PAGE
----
Ethical, regulatory, and practical barriers to COVID-19 research: A stakeholder-informed inventory of concerns

Bryan A. Sisk, Kari Baldwin, Meredith Parsons, James M. DuBois

Research output: Contribution to journalArticlepeer-review

4 Scopus citations


Introduction SARS-CoV-2 (COVID-19) has caused death and economic injury around the globe. The urgent need for COVID-19 research created new ethical, regulatory, and practical challenges. The next public health emergency could be worse than COVID-19. We must learn about these challenges from the experiences of researchers and Research Ethics Committee professionals responsible for these COVID-19 studies to prepare for the next emergency. Materials and methods We conducted an online survey to identify the ethical, oversight, and regulatory challenges of conducting COVID-19 research during the early pandemic, and proposed solutions for overcoming these barriers. Using criterion-based, convenience sampling, we invited researchers who proposed or conducted COVID-19 research to complete an anonymous, online survey about their experiences. We administered a separate but related survey to Institutional Review Board (IRB) professionals who reviewed COVID-19 research studies. The surveys included open-ended and demographic items. We performed inductive content analysis on responses to open-ended survey questions. Results IRB professionals (n = 143) and researchers (n = 211) described 19 types of barriers to COVID-19 research, related to 5 overarching categories: policy and regulatory, biases and misperceptions, institutional and inter-institutional conflicts, risks of harm, and pressure of the pandemic. Researchers and IRB professionals described 8 categories of adaptations and solutions to these challenges: enacting technological solutions; developing protocolbased solutions; disposition and team management; establishing and communicating appropriate standards; national guidance and leadership; maintaining high standards; prioritizing studies before IRB review; and identifying and incorporating experts. Discussion and conclusions This inventory of challenges represents ongoing barriers to studying the current pandemic, and they represent a risk to research during future public health emergencies. Delays in studies of a pandemic during a pandemic threatens the health and safety of the public. We urge the development of a national working group to address these issues before the next public health emergency arises.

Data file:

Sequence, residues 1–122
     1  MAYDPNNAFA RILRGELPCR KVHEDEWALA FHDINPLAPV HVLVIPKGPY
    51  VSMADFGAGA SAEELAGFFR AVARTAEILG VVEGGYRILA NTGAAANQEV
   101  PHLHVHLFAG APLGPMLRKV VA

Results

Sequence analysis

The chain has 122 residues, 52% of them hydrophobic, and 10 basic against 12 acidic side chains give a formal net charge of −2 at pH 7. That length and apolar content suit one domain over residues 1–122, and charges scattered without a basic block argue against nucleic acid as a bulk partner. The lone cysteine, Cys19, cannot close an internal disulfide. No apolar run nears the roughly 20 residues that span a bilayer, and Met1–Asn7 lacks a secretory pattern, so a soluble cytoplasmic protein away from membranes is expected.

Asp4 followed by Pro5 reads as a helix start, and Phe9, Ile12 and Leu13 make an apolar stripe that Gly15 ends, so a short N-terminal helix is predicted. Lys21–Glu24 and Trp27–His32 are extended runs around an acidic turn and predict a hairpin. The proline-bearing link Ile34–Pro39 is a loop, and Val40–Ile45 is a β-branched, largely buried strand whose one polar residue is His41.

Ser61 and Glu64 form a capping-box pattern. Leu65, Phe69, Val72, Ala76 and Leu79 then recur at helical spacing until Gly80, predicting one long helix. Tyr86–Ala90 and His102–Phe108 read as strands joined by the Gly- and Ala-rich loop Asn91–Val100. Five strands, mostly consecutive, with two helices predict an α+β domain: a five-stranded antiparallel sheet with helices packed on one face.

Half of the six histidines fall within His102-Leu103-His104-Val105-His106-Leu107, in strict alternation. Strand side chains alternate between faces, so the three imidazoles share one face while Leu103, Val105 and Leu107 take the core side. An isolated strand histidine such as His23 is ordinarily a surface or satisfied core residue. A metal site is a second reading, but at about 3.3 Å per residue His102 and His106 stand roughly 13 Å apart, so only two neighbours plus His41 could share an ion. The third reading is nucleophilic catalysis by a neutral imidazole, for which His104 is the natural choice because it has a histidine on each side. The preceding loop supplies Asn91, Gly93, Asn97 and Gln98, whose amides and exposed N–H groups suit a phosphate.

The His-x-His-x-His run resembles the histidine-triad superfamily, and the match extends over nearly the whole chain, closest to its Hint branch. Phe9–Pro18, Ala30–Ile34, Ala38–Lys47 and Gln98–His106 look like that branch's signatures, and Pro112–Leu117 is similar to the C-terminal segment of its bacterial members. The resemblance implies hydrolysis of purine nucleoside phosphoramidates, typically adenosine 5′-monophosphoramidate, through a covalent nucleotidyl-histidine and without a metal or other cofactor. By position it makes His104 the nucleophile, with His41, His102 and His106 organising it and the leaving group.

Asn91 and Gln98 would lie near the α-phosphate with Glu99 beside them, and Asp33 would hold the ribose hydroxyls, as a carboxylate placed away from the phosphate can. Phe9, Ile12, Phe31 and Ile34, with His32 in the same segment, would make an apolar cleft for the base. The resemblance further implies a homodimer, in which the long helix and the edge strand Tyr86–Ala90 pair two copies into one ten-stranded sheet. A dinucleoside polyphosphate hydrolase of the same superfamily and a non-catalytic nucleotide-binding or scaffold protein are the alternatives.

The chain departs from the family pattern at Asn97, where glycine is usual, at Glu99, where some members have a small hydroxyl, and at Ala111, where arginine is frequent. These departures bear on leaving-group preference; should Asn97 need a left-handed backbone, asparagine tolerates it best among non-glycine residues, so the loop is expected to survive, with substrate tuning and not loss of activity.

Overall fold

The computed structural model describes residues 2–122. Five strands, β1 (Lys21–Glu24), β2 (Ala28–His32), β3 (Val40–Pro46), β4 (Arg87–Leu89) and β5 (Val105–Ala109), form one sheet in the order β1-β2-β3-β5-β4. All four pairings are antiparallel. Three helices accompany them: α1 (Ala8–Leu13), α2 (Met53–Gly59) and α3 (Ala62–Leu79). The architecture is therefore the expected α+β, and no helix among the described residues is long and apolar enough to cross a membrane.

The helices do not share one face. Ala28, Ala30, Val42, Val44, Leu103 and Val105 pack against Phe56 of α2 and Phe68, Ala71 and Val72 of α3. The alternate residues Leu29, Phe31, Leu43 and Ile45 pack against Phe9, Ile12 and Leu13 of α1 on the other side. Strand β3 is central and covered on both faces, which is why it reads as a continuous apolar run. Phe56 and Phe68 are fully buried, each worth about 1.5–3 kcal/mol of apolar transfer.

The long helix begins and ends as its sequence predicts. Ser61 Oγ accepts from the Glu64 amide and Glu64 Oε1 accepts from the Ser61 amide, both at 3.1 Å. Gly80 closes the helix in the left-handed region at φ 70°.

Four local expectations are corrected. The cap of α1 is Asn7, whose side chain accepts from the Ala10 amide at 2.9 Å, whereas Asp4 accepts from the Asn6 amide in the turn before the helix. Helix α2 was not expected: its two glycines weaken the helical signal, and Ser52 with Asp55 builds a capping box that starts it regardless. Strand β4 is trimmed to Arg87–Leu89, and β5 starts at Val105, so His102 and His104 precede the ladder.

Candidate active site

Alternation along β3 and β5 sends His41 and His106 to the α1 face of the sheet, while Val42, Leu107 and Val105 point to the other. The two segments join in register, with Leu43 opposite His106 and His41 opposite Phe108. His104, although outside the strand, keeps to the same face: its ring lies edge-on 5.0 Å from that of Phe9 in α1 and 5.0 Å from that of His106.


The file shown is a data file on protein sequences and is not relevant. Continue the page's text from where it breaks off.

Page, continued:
Original languageEnglish
Article numbere0265252
JournalPloS one
Issue number3 March
StatePublished - Mar 2022


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